Demerit Points System in Ontario

How many demerit points will you receive for a traffic ticket in Ontario?

What Are Demerit Points?

These systems are also intended to improve road safety by encouraging drivers to follow traffic laws and regulations. By implementing a demerit point system, authorities hope to reduce the number of traffic accidents and fatalities caused by reckless driving behavior. Some common traffic offenses that may result in demerit points include speeding, running red lights, reckless driving, driving under the influence of alcohol or drugs, and causing accidents. The number of points assigned for each offense varies depending on the severity of the violation. It is important for drivers to be aware of the demerit point system in their jurisdiction and to drive responsibly to avoid accumulating points. In some cases, drivers may be able to attend defensive driving courses or take other corrective actions to reduce their point total. Overall, demerit point systems play an important role in promoting road safety and encouraging responsible driving behavior. By holding drivers accountable for their actions on the road, these systems help to create a safer and more orderly driving environment for everyone.

The System in Ontario

In Ontario, demerit points are a system used to track and penalize drivers for traffic violations and offenses. Many offences carries a certain number of demerit points, which are added to the driver's record upon conviction. These points serve as a measure of the severity of the offense and the associated risk posed by the driver. Accumulating too many points can result in consequences such as license suspension, mandatory driver education programs, or even license revocation. Demerit points remain on a driver's record for two years from the date of the offense. The aim of demerit points is to encourage safe driving behavior and deter reckless or careless actions on the roadways.

Do All Traffic Tickets Affect Points?

No, not all traffic tickets add demerit points to your record. Many do, but there are also many that don't, and some have varying levels of demerit points. For instance, speeding, under section 128 of the Highway Traffic Act, has different points for different speeds. If you are charged with speeding up to 15km/h over the limit, there are no points. However, if you are charged with 16-29km/h over, there are 3 points. It then moves to 4 points, and finally, in excess of 50km/h you will receive 6 demerit points. Understand that the higher the number of demerit points, the higher your insurance will probably go, due to the seriousness of the charge itself. Careless driving, for instance, adds 6 demerit points, and you could see an increase of $15,000 per year in your insurance premiums.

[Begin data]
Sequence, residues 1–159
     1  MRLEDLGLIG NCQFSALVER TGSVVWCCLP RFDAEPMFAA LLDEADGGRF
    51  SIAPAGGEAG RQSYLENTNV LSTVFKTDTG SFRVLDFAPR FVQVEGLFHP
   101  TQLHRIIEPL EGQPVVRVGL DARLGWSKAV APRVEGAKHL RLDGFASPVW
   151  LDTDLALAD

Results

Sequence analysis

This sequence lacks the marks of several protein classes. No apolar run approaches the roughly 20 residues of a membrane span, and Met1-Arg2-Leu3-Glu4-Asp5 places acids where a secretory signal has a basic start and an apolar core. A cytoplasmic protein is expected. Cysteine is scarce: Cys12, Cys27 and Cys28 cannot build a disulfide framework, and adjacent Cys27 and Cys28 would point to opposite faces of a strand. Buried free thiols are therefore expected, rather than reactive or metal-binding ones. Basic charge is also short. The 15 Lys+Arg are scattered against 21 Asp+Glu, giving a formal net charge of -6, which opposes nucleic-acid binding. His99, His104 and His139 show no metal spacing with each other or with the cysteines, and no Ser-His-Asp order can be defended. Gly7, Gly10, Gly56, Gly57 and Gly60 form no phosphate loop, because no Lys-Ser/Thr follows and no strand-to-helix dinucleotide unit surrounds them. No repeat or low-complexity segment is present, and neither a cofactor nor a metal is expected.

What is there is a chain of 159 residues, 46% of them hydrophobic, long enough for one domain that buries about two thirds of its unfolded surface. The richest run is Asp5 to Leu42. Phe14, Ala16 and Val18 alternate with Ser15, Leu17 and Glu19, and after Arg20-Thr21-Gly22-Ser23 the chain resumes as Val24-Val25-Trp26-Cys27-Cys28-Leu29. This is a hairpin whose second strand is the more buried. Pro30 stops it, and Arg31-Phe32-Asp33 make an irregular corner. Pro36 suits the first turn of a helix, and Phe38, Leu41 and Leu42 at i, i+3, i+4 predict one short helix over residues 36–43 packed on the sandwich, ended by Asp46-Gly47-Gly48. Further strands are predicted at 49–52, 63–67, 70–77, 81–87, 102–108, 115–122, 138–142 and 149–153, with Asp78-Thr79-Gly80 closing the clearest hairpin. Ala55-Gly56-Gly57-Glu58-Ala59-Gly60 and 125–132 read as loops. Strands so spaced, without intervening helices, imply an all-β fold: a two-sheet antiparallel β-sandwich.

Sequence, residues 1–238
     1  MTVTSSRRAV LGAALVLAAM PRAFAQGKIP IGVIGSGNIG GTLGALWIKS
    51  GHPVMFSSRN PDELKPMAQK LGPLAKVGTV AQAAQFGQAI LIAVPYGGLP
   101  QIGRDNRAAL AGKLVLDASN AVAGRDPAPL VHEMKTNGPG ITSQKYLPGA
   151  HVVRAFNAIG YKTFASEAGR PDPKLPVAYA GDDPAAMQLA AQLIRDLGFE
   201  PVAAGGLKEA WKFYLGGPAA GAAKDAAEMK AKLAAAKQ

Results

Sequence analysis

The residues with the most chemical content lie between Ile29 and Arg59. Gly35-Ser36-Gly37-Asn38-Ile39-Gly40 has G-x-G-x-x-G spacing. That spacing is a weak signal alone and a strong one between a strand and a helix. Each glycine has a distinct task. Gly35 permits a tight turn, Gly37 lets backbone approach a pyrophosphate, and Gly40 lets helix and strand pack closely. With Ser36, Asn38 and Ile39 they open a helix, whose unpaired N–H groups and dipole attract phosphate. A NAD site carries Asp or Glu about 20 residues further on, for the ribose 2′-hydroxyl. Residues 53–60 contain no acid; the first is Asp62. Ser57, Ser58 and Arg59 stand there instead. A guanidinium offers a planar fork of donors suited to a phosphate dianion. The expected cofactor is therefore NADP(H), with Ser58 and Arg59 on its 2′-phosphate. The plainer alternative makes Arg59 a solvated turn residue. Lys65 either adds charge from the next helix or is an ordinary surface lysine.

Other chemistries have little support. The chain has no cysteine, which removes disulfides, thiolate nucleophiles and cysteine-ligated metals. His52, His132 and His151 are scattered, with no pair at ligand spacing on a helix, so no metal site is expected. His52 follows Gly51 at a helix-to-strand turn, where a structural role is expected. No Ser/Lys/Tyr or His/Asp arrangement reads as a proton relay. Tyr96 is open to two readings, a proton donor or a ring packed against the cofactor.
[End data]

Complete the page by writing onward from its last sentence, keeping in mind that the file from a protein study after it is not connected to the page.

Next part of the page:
How Many Points Will I Receive?

The number of demerit points you receive depends on the offence you have committed. Below is a list of those offences which accumulate demerit points, and the number of points assigned to each offence.

List of Demerit Points

Traffic Offence Demerit Points
Driver failing to stop when signalled or requested to stop by a police officer 7
Failing to remain at scene of accident 7
Careless driving 6
Exceeding speed limit by 50 km/h or more 6
Failing to stop for school bus 6
Racing 6
Driver of bus or school bus failing to stop at railway crossings 5
Exceeding speed limit by 30 to 49 km/h 4
Failing to obey school crossing stop sign 4
Failing to yield to pedestrian 4
Following too closely 4
Pedestrian crossover 4
Cross divided highway – no proper crossing provided 3
Crowding driver’s seat 3
Drive wrong way – divided highway 3
Driving or operating a vehicle on a closed highway 3
Driving through, around or under railway crossing barrier 3
Driving while holding or using hand-held device 3
Driving with display screen visible to driver 3
Exceeding speed limit by 16 to 29 km/h 3
Failing to move into another lane for emergency vehicle or tow truck – if safe to do so 3
Failing to obey a stop sign, signal light or railway crossing signal 3
Failing to obey directions of police constable 3
Failing to obey traffic control slow sign 3
Failing to obey traffic control stop sign 3
Failing to report an accident 3
Failing to slow down and proceed with caution for emergency vehicle or tow truck 3
Failing to stop – nearest curb – for emergency vehicle 3
Failing to stop – nearest edge of roadway – for emergency vehicle 3
Failing to stop on right for emergency vehicle 3
Failing to yield right of way 3
Following fire department vehicle too closely 3
Improper driving where highway divided into lanes 3
Improper opening of vehicle door 3
Improper passing 3
Improper use of high occupancy vehicle lane 3
Motor vehicle equipped with or carrying a speed measuring warning device 3
Wrong way in one way street or highway 3
Backing on highway 2
Driver failing to ensure child passenger is secured as prescribed 2
Driver failing to ensure infant passenger is secured as prescribed 2
Driver failing to ensure toddler passenger is secured as prescribed 2
Driver failing to properly wear seat belt 2
Driving while child passenger not properly secured 2
Driving while passenger under 16 fails to occupy position with seat belt 2
Driving while passenger under 16 fails to properly wear seat belt 2
Failing to leave one metre while passing bicycle 2
Failing to lower headlamp beam 2
Failing to obey signs prescribed by regulation under subsection 182 (1) 2
Failing to share road 2
Failing to signal 2
Improper left turn 2
Improper right turn 2
Prohibited turns 2
Towing of persons on toboggans, bicycles, skis, etc., prohibited 2
Unnecessary slow driving 2


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Martin Luther King, Jr., about the phrase in War and Peace: “I cannot conceive of a man not being free unless he is dead.” Address at the Fiftieth Annual NAACP Convention, New York (17 July 1959),